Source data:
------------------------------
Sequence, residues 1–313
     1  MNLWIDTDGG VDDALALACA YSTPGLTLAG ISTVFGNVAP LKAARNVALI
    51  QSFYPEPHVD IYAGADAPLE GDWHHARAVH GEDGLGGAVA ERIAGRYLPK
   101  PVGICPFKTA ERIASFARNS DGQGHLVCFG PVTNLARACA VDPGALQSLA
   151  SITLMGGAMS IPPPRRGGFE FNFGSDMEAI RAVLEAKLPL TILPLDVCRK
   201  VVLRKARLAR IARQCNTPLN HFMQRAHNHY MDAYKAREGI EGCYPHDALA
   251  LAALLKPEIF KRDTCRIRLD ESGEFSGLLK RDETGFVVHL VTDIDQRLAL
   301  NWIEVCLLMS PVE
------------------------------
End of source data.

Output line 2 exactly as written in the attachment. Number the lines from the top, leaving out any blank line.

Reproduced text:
     1  MNLWIDTDGG VDDALALACA YSTPGLTLAG ISTVFGNVAP LKAARNVALI